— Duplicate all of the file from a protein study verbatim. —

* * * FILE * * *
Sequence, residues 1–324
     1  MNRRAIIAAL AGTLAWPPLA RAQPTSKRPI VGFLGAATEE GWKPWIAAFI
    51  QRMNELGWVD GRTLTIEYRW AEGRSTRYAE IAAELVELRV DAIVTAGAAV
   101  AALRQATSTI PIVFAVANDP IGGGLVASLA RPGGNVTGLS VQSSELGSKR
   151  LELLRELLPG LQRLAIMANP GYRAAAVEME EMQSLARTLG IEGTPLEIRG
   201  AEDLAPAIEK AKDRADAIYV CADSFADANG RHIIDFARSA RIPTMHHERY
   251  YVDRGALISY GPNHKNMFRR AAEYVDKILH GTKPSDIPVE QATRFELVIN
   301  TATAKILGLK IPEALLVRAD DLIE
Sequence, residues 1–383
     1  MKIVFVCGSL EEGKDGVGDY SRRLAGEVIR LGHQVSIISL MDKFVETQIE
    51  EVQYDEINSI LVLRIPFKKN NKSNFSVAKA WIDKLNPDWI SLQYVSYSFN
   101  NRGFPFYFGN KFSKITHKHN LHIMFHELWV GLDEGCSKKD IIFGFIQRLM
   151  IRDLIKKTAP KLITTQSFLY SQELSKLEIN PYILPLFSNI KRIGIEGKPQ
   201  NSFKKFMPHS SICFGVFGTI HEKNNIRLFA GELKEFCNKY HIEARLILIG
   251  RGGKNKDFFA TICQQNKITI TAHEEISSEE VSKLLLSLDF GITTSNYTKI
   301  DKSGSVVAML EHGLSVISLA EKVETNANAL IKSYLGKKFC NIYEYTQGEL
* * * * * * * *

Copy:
Sequence, residues 1–324
     1  MNRRAIIAAL AGTLAWPPLA RAQPTSKRPI VGFLGAATEE GWKPWIAAFI
    51  QRMNELGWVD GRTLTIEYRW AEGRSTRYAE IAAELVELRV DAIVTAGAAV
   101  AALRQATSTI PIVFAVANDP IGGGLVASLA RPGGNVTGLS VQSSELGSKR
   151  LELLRELLPG LQRLAIMANP GYRAAAVEME EMQSLARTLG IEGTPLEIRG
   201  AEDLAPAIEK AKDRADAIYV CADSFADANG RHIIDFARSA RIPTMHHERY
   251  YVDRGALISY GPNHKNMFRR AAEYVDKILH GTKPSDIPVE QATRFELVIN
   301  TATAKILGLK IPEALLVRAD DLIE
Sequence, residues 1–383
     1  MKIVFVCGSL EEGKDGVGDY SRRLAGEVIR LGHQVSIISL MDKFVETQIE
    51  EVQYDEINSI LVLRIPFKKN NKSNFSVAKA WIDKLNPDWI SLQYVSYSFN
   101  NRGFPFYFGN KFSKITHKHN LHIMFHELWV GLDEGCSKKD IIFGFIQRLM
   151  IRDLIKKTAP KLITTQSFLY SQELSKLEIN PYILPLFSNI KRIGIEGKPQ
   201  NSFKKFMPHS SICFGVFGTI HEKNNIRLFA GELKEFCNKY HIEARLILIG
   251  RGGKNKDFFA TICQQNKITI TAHEEISSEE VSKLLLSLDF GITTSNYTKI
   301  DKSGSVVAML EHGLSVISLA EKVETNANAL IKSYLGKKFC NIYEYTQGEL